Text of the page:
The Texas Senate on Wednesday approved a fundamental alteration of its rules, ending the minority party’s ability to block legislation it unanimously opposes in the Republican-controlled upper chamber.
In a 18-13 vote, lawmakers voted to lower the threshold of support that legislation needs to make it onto the Senate floor. In past sessions, the Senate required a three-fifths supermajority, or 19 votes, to bring legislation to the floor. But after the defeat of Sen. Pete Flores, R-Pleasanton, reduced the number of Republicans from 19 to 18, lawmakers lowered the threshold to 18 members — a move Lt. Gov. Dan Patrick had been pushing for.
Republicans on the floor hailed the move. Patrick, who presides over the Senate, first floated the idea of lowering the threshold last January, later contending in December that the 2020 election proved voters support conservative candidates and that he planned on “moving a conservative agenda forward.”
Still, earlier Wednesday, Patrick expressed uncertainty about whether he’d be able to implement such a change. “I only have 18 Republicans. I need 16 votes,” he said at the Texas Public Policy Foundation’s annual Policy Orientation, referring to the simple majority needed to pass the measures. “I never count them till it’s over, but I’m hoping they do that. … I pray that we do.”
In introducing the resolution, state Sen. Bryan Hughes, R-Mineola, said: “I believe our tradition of requiring a supermajority is good and we should retain it, but … it’s my view that there are enough big items that the majority of Texans have asked for that would be blocked with a 19-vote requirement, which would put us in a special session where we have no control over the agenda.” (To be clear, only Gov. Greg Abbott can call lawmakers back for a special legislative session.)
While the procedure may sound like parliamentary arcana, the impact could spell trouble for Democrats. The change essentially allows Republicans to continue deciding which bills are brought up for consideration without the minority party’s input.
State Sen. Royce West, D-Dallas, one of the more senior members of the Senate Democratic Caucus, charged that the move perpetuates party-line voting.
“I’m talking about protecting minority rights and also making certain we have to talk to one another as it relates to critical legislation,” West said. “And we talk to each other concerning legislation, but that two-thirds rule made it real important that each member of this body consulted about legislation.”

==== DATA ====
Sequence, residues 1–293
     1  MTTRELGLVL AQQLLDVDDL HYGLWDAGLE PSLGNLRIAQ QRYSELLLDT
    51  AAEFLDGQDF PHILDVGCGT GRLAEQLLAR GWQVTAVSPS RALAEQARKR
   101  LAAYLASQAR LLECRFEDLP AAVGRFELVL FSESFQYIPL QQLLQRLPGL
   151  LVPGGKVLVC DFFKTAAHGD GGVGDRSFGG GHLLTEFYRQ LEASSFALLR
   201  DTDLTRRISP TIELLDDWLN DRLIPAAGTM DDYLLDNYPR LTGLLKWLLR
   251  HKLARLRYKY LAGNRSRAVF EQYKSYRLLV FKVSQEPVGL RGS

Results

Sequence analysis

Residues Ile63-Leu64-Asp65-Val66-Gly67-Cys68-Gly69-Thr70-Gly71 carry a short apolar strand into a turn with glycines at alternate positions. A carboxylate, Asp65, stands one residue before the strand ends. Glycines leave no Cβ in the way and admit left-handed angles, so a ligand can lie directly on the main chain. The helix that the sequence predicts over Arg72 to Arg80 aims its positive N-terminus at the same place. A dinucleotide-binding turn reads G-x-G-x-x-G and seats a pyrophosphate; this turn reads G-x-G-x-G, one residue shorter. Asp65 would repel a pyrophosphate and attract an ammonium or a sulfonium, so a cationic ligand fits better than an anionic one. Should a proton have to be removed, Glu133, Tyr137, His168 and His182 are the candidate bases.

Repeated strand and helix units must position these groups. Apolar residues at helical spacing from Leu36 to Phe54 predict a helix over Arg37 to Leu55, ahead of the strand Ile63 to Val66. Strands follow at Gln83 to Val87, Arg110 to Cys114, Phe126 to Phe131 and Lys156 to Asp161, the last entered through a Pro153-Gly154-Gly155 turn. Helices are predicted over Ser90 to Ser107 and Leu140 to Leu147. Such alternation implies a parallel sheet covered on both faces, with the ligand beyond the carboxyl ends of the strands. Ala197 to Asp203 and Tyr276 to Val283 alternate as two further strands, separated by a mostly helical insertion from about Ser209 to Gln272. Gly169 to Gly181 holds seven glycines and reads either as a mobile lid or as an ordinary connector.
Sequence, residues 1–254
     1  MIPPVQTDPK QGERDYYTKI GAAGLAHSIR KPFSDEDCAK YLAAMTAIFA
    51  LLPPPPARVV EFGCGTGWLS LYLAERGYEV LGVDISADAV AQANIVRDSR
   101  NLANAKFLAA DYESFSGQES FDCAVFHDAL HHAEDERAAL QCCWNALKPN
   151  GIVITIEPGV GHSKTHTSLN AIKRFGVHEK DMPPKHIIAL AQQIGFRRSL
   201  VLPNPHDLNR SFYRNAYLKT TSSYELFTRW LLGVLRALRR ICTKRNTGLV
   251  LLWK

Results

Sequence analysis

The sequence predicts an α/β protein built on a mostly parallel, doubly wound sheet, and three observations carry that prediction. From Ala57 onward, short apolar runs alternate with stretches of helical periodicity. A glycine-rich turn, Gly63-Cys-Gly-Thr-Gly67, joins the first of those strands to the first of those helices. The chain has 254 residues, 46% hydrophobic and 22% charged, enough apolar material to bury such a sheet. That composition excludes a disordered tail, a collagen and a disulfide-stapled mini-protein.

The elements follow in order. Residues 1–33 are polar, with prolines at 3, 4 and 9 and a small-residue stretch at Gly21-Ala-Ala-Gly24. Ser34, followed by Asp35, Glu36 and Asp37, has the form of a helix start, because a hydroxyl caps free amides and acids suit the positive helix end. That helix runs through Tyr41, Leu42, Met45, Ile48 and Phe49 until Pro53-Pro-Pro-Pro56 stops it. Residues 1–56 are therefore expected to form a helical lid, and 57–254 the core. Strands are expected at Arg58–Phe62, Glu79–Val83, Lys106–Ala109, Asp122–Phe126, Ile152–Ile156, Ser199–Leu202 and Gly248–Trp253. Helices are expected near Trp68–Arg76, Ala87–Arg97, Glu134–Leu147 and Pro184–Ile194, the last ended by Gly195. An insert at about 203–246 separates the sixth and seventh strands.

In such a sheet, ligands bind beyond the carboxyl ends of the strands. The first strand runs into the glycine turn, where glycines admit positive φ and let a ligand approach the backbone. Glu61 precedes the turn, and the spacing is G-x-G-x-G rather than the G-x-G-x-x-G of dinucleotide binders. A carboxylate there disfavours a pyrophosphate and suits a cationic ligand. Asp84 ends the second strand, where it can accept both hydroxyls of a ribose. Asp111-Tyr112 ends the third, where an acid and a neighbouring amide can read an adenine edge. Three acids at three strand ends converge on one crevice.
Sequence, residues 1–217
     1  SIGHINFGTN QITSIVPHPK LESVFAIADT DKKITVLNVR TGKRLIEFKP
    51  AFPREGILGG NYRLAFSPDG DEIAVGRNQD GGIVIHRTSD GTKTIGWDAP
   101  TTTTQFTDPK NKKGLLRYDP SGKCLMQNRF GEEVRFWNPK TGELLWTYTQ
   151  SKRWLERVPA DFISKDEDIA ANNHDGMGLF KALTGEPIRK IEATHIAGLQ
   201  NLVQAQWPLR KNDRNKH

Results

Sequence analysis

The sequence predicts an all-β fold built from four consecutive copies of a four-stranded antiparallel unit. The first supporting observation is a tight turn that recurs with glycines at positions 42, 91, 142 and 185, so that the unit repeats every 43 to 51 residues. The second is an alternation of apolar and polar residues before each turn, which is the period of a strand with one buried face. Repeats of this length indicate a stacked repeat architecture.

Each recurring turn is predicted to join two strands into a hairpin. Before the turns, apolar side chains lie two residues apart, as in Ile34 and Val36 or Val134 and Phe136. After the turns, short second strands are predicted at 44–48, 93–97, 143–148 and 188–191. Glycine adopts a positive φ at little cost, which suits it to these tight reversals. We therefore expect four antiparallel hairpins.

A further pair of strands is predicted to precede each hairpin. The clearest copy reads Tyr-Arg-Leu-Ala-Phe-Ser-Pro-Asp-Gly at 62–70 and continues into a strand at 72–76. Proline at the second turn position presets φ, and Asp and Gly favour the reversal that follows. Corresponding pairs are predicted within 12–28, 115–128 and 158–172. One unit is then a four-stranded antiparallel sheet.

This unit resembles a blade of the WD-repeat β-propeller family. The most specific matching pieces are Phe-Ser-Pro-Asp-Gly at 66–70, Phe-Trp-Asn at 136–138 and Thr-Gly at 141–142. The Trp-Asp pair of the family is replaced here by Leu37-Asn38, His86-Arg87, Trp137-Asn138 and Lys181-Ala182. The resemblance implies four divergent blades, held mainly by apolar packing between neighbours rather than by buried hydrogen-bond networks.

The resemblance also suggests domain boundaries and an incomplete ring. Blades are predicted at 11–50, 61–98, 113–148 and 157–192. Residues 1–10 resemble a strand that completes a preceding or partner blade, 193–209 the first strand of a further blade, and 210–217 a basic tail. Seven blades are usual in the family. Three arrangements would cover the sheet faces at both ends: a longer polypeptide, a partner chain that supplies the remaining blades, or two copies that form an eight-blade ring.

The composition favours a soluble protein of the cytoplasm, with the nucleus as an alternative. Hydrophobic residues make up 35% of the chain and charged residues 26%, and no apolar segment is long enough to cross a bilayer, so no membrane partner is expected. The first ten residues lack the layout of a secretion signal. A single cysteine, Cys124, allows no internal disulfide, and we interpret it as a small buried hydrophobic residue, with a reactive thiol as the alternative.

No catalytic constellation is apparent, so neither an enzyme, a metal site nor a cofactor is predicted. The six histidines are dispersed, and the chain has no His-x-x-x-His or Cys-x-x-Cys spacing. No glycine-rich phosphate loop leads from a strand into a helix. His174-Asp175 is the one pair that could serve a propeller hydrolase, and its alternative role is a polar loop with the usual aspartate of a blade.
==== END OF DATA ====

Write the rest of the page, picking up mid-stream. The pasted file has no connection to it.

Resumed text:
Other furious Democrats accused Republicans of a power grab, warning them that lowering the threshold would make the Senate “less deliberative.”
“Why are we really changing the rules? Is it because the Democrats gained one more seat in this last election?” Sen. Juan “Chuy” Hinojosa, D-McAllen later asked.
“Partisan majority is a big deal, yes sir,” Hughes responded.
Wednesday was not the first time Patrick has presided over decreasing the threshold. In his first session as lieutenant governor in 2015, the Senate lowered the threshold from two-thirds to three-fifths of the chamber, giving his party complete control.
The gravity of the change was reflected in an unusual scene on the Senate floor: Nearly all 31 senators were in their seats, rapt, as the chamber debated.
This procedural change was a climax to the bitter debate between the parties over ultimate control of the upper chamber. Republicans, through their frequent use of the various roadblocks that Senate procedure affords them, have routinely steamrolled Democrats while bringing up a host of conservative priorities for consideration. Democrats, in turn, have accused Republicans of ignoring the voices of the minority party.
With the rule change, said state Sen. Carol Alvarado, D-Houston, who chairs the Senate Democratic Caucus, “I fear that we are on a path that is taking us to Washington, D.C., and a toxic environment.”
By contrast, earlier Wednesday the chamber also adopted a host of rules regarding coronavirus protocols with no debate.
Among the proposals: Each senator is allowed one staffer on the floor while the Senate is in session; to attend a committee hearing or the Senate floor, a member must have a negative COVID-19 test that day; all Senate staff must be tested before accessing the chamber or committee hearings; and while on the floor, members of the Senate must wear masks except when alone at their desks.
Patrick Svitek contributed to this report.
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